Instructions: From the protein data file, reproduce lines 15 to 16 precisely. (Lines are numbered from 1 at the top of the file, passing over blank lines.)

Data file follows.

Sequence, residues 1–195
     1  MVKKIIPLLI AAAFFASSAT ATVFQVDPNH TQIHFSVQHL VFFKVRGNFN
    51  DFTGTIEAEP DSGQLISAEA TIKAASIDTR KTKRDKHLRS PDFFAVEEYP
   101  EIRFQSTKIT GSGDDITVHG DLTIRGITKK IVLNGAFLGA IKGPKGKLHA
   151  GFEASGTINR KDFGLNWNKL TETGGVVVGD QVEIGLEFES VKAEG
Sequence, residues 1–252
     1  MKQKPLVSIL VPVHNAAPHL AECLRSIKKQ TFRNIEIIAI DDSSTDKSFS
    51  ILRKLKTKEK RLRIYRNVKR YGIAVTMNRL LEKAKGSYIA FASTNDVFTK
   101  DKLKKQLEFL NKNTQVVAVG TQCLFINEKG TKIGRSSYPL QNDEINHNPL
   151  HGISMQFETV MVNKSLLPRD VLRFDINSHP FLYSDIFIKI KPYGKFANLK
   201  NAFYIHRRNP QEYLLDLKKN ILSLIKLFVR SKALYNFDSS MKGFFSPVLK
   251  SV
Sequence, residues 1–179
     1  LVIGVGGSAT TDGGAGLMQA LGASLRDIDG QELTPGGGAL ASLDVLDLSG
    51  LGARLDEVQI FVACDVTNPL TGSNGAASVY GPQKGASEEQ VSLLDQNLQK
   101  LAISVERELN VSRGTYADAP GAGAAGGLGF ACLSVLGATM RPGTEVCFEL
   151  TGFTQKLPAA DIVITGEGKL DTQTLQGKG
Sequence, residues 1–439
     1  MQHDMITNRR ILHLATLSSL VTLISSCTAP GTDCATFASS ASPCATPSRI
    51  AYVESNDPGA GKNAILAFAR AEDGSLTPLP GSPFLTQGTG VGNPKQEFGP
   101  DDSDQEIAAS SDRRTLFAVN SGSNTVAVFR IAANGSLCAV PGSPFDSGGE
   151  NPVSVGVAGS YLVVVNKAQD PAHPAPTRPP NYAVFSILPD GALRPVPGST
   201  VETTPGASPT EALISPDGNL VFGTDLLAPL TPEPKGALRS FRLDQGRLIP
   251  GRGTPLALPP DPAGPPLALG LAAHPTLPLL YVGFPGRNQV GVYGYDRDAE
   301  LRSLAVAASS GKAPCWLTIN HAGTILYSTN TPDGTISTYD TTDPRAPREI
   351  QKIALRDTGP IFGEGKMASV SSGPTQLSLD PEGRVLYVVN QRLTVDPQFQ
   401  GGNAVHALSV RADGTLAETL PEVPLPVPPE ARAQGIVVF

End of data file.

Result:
    51  LGARLDEVQI FVACDVTNPL TGSNGAASVY GPQKGASEEQ VSLLDQNLQK
   101  LAISVERELN VSRGTYADAP GAGAAGGLGF ACLSVLGATM RPGTEVCFEL